DSC_0011I have been using an old copy of the ‘The Observer’s Book of British Wild Flowers’ to help with identifying the species.DSC_0016This was the second book in the ‘Observer’s Pocket Series’. There are no photographs in my version, only line drawings.  Whilst over 50% of the drawings are in colour, I find that the meticulous descriptions really help with identifying the plants.  The book does not have a published date though there is an inscription on the front flyleaf which is rather nice, and dates the book to the mid-1950’s.

DSC_0017I’m very impressed by this gift from the cubs to their Akela.  Back in the 50’s, 5 old shillings was worth something.  I was given 3d (1 1/2p) as pocket money in the late 60’s, so a collection of 60 pennies in the mid 50’s would have been something.

As a postscript, I have added a link to ‘Plantlife’s’ posting on using local wildflower seed versus generic mixes –  it makes for thought-provoking reading.  We are surrounded by intensively grazed dairy pasture; our own field was the same.  I’m not averse to adding plants I like to the orchard, after all, we’ve added the orchard into the landscape.  However, I will try to locate a local source for wildflower seed this year – no harm in trying!

Reading this week: Plantlife’s ‘Keeping the Wild in Wildflower


swathes of nodding daffodils….

no – not now…it’s not Chelsea.  However, I’ve finished the list of bulbs that we’ll plant in the orchard this autumn.   I have stepped away from rushing into finalising spring bulbs for the ornamental garden.

There are a plethora of bulbs that are quite happy growing in grass, (see here), and bulk up well. Of course, bulb catalogues are a source of great temptation and my initial list was quite long.  I’m in agreement with the great John Brookes who said:

Once you have your plant list, cut it in half and double the quantities of the rest’. 

So for planting this autumn I have restricted my list to:

Narcissus ‘Actaea’, a lovely ‘pheasant eye’ daffodil, flowering quite early,(April).  Plus it is highly scented and can cope being planted in areas of longer grass.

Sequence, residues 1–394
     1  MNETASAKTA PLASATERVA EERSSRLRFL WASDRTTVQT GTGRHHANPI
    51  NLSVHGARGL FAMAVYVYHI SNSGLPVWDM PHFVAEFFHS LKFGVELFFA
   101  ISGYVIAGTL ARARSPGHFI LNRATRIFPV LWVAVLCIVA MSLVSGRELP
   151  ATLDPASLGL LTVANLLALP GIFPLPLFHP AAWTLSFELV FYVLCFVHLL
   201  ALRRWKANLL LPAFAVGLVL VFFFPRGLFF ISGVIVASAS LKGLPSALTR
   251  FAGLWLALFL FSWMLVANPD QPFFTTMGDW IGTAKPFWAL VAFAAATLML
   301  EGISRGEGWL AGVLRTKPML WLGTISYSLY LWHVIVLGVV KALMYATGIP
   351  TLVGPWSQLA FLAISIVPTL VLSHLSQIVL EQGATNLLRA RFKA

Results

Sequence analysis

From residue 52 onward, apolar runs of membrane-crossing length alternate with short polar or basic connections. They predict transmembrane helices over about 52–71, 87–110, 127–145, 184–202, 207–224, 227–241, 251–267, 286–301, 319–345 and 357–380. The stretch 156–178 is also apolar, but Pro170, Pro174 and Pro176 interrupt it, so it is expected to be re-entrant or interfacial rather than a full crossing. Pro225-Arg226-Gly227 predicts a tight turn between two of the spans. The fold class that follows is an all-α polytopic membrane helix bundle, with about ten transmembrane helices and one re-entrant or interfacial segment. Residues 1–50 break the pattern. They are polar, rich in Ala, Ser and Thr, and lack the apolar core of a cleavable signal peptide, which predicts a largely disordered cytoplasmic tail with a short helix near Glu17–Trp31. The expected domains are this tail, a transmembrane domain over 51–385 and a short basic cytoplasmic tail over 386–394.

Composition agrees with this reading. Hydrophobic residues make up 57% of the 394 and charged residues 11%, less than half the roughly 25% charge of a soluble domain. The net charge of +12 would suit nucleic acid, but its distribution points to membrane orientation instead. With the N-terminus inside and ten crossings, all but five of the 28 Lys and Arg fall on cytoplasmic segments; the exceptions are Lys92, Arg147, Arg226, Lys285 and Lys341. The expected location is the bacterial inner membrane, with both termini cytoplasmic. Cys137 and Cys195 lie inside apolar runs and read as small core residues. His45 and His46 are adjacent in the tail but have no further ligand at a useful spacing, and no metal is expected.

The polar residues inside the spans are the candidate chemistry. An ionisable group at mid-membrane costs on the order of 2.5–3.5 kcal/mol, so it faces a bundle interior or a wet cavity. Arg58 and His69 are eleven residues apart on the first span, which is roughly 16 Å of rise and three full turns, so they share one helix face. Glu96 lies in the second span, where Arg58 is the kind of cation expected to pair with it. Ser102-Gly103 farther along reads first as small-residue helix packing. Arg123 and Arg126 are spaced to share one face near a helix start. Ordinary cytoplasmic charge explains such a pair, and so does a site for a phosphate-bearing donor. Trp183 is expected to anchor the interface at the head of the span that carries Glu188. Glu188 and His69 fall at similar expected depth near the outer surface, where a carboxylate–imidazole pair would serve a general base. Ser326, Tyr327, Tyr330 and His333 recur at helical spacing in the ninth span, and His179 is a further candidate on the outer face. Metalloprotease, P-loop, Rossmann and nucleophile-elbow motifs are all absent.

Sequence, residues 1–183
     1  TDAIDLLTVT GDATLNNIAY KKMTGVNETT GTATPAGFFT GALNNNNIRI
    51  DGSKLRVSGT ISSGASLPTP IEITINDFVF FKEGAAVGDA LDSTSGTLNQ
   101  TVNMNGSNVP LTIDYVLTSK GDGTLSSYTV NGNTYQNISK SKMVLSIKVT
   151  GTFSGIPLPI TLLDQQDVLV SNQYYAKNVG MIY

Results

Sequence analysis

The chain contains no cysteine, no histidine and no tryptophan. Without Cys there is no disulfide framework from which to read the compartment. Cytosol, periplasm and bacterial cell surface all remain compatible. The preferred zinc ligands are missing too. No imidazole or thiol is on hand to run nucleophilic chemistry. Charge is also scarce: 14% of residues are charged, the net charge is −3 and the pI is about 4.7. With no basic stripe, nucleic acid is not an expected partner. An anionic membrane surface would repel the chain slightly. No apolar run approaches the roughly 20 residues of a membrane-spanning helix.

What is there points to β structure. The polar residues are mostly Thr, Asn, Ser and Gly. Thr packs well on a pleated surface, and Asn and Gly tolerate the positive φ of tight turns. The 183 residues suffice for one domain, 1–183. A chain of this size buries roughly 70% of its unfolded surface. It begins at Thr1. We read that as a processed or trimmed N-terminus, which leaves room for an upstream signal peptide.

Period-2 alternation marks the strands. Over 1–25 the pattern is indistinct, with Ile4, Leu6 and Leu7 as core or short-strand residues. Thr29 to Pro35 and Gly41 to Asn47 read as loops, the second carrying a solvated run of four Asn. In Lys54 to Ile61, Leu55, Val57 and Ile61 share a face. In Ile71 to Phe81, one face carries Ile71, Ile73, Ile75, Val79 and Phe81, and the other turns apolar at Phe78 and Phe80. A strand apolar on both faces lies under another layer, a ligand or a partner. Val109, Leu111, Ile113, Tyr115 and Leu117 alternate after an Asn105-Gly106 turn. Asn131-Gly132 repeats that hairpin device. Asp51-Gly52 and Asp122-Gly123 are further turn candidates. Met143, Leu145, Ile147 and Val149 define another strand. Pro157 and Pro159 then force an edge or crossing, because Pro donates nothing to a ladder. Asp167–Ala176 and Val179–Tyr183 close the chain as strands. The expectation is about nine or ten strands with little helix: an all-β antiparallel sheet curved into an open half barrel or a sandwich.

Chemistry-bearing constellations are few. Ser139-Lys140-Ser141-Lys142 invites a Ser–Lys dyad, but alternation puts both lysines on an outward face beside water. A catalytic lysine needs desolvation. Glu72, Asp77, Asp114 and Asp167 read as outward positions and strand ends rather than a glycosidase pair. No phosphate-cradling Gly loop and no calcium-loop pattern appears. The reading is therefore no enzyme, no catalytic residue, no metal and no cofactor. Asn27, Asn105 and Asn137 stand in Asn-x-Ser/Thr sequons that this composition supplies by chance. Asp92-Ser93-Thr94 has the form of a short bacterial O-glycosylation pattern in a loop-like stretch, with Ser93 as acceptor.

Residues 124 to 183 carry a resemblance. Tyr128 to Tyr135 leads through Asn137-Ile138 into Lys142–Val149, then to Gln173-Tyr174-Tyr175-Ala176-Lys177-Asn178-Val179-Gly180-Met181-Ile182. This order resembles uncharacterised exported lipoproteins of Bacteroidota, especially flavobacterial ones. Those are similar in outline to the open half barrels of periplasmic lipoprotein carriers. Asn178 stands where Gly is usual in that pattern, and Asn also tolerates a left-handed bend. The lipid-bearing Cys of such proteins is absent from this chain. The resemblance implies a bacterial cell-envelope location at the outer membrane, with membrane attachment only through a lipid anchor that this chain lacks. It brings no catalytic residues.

actaeaNarcissus obvallaris, otherwise known as the ‘Tenby daffodil’ – the one that Wordsworth raved about in his poem.  A lemon yellow flower, it will counter balance the white ‘Actaea’.

tenby daffodilNarcissus ‘Lobularia’, the ‘Lenten lily’.  This form has creamy white petals and a yellow trumpet.

lenten lily… and because I couldn’t resist:

Fritillaria meleagris, the snake’s head frittilary.  This we will distribute in the dampest area of the orchard.


Before planting in late autumn, the lovely OH will cut the orchard grass as close as possible.   I’m tending towards mixing all the daffodil bulbs together before scattering as I think this will produce a more natural look than planting the individual species in separate blocks.

I’ve phoned in the order – job done …until planting time.




down to earth….

DSC_0011I made an executive decision today and went out to thin the fruit on the apple trees.  Nature helps out with the ‘June drop’, the shedding of fruit that takes place around 8 weeks after flowering.  Now, according to the RHS website the drop peaks in early July, so it’s possible that I may have jumped the gun.  I don’t think I have, as the remaining fruit were mostly well attached.  However, if further shedding does take place, it won’t be a problem as we only want a few apples from each tree for sampling in the autumn.

DSC_0014I checked over the clusters and thinned down to one apple that a) was free of blemish, then b) the biggest and c) had the nicest shape.  Hopefully, this means we shall have large, good quality fruit rather than a load of small, possibly blemished apples.

So here we are before thinning….

DSC_0013and after thinning….

DSC_0015If we wind ahead a few years, the apple crop will be significantly larger so we have been talking to fellow orchardists in our area plus the lovely OH is investigating grants for purchasing equipment and setting up a community juicing project.  The kit list includes a ‘scratter’ – a machine that crushes the apples to ensure maximum juice extraction, a press, and a couple of pasteurisers.    Fresh apple juice will keep for a few days in the fridge and can be frozen but then takes up a lot of freezer space. Pasteurised juice will keep for between 6 months and as long as 2 years depending on how it is stored, so definitely the way to go.

Here’s looking forward to future bumper harvests!